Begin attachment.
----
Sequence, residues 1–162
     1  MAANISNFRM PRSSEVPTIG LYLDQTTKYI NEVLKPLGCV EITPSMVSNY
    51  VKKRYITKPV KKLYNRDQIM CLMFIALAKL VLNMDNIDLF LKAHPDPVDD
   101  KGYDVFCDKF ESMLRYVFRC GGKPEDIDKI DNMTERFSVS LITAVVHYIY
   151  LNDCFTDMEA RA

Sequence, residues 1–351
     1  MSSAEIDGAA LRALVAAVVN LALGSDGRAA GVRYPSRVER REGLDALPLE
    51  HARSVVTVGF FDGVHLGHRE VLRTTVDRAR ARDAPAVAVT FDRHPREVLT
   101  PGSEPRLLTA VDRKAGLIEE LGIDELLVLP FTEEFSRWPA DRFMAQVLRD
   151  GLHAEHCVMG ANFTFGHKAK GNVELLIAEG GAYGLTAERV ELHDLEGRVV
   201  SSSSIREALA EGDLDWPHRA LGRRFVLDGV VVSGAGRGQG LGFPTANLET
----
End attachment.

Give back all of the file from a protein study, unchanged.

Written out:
Sequence, residues 1–162
     1  MAANISNFRM PRSSEVPTIG LYLDQTTKYI NEVLKPLGCV EITPSMVSNY
    51  VKKRYITKPV KKLYNRDQIM CLMFIALAKL VLNMDNIDLF LKAHPDPVDD
   101  KGYDVFCDKF ESMLRYVFRC GGKPEDIDKI DNMTERFSVS LITAVVHYIY
   151  LNDCFTDMEA RA

Sequence, residues 1–351
     1  MSSAEIDGAA LRALVAAVVN LALGSDGRAA GVRYPSRVER REGLDALPLE
    51  HARSVVTVGF FDGVHLGHRE VLRTTVDRAR ARDAPAVAVT FDRHPREVLT
   101  PGSEPRLLTA VDRKAGLIEE LGIDELLVLP FTEEFSRWPA DRFMAQVLRD
   151  GLHAEHCVMG ANFTFGHKAK GNVELLIAEG GAYGLTAERV ELHDLEGRVV
   201  SSSSIREALA EGDLDWPHRA LGRRFVLDGV VVSGAGRGQG LGFPTANLET